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    $\begingroup$ @Will R I want a full answer to the exercise, or at least an answer to a) which is the troublesome part for me. $\endgroup$
    – Zero
    Mar 23, 2021 at 21:06

1 Answer 1

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A preliminary lemma:

Lemma: Let $I\subset k[x_1,\cdots,x_n]$ be an ideal and let $f\in k[x_1,\cdots,x_n]$ be a nonzero element. The closure of $V(I)\cap D(f)$ is given by the vanishing locus of the ideal $$J=\left(\frac{e}{f^{\deg_f e}}\mid e\in I\right),$$ where $\deg_f e$ is the number of times $f$ divides $e$.

Proof: The morphism of varieties $V(I)\cap D(f) \to \Bbb A^n$ corresponds to the ring map $k[x_1,\cdots,x_n]\to k[x_1,\cdots,x_n]_f/I_f$, and the closure of $V(I)\cap D(f)$ is the variety cut out by the kernel of this ring morphism. As $I_f=\left\{ \frac{e}{f^m}\mid e\in I, m\in\Bbb Z_{\geq0} \right\}$, if $e\in I$ then if $f^m\mid e$, we have $\frac{e}{f^m}$ is an element in $k[x_1,\cdots,x_n]$ which maps to zero. As every such element is $f^l\cdot \frac{e}{f^{\deg_f e}}$ for some $l\geq 0$, we have the result. $\blacksquare$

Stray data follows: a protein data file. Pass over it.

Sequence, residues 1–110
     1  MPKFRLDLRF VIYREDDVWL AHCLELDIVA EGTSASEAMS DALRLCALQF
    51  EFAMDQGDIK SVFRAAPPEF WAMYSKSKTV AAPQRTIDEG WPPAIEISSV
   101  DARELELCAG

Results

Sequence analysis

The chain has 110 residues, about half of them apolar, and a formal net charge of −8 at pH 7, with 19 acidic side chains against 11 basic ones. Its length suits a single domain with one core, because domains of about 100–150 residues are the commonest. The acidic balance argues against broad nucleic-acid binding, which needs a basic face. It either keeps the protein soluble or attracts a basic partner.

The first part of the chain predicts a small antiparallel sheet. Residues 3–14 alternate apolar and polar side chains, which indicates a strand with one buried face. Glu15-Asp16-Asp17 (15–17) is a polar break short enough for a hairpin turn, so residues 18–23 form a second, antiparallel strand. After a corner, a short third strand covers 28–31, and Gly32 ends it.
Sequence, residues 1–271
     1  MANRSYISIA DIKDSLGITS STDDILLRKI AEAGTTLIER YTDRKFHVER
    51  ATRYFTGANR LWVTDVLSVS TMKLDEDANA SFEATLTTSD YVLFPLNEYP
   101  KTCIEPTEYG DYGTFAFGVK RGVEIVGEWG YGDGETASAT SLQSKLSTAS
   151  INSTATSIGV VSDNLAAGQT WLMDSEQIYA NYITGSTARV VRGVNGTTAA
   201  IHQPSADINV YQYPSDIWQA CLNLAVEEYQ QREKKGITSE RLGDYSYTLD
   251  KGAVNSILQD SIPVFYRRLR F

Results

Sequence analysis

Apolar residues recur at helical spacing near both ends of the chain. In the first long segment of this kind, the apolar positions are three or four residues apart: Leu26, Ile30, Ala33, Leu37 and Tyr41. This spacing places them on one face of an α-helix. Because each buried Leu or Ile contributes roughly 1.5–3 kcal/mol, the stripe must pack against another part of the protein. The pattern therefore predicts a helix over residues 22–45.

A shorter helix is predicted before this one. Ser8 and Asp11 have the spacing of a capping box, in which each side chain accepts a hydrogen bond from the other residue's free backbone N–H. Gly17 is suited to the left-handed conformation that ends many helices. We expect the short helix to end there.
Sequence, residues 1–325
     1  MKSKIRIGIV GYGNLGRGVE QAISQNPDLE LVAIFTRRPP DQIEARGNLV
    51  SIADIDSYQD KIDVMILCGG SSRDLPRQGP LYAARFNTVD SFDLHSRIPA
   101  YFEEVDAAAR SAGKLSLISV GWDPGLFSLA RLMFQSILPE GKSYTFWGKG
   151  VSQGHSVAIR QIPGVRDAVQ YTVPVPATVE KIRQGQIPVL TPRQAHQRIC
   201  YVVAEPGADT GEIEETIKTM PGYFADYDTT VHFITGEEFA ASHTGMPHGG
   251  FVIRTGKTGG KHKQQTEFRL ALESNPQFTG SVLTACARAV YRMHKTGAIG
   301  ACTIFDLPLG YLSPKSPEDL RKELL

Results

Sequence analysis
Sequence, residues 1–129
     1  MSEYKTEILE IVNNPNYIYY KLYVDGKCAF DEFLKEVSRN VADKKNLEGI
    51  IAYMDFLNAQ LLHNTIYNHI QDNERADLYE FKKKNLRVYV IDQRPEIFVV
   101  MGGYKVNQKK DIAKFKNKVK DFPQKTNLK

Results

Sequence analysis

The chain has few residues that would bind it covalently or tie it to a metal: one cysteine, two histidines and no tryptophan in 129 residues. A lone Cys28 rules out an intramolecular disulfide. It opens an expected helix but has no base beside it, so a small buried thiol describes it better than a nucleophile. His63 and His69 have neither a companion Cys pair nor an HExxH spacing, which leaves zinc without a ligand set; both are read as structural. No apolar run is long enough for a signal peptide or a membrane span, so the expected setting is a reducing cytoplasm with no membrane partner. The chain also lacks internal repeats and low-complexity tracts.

On to the exercise.

By remark 9.11, we know that $\widetilde{X}$ is the closure of $\pi^{-1}(X\setminus\{0\})$ in $\widetilde{\Bbb A^n}$. On $U_1$, we have that $\pi^{-1}(X)$ is the variety cut out by the ideal $(f(x_1,x_1y_2,\cdots,x_1y_n)\mid f\in I)$, while $\pi^{-1}(0)=V(x_1)$. As $\pi^{-1}(X\setminus \{0\})$ is $\pi^{-1}(X)$ without $\pi^{-1}(0)$, we see that on $U_1$, the closure of $\pi^{-1}(X\setminus \{0\})$ is exactly the desired ideal by our lemma. This proves (a).

For (b), we use the computation from (a). The exceptional divisor is the intersection of $\widetilde{X}$ with the $\Bbb P^{n-1}$ living over the origin in $\widetilde{A^n}$, so we can find this on $U_1$ by setting $x_1=0$. As evaluating $\frac{f(x_1,x_1y_2,\cdots,x_1y_n)}{x_1^{\deg_{x_1} f}}$ at $x_1=0$ gives the initial term of $f(y_1,\cdots,y_n)$ and then sets $y_1=1$, we see that the exceptional set is cut out by the ideal generated by $f^{in}(y_1,\cdots,y_n)$ as $f$ runs over the polynomials in $I$.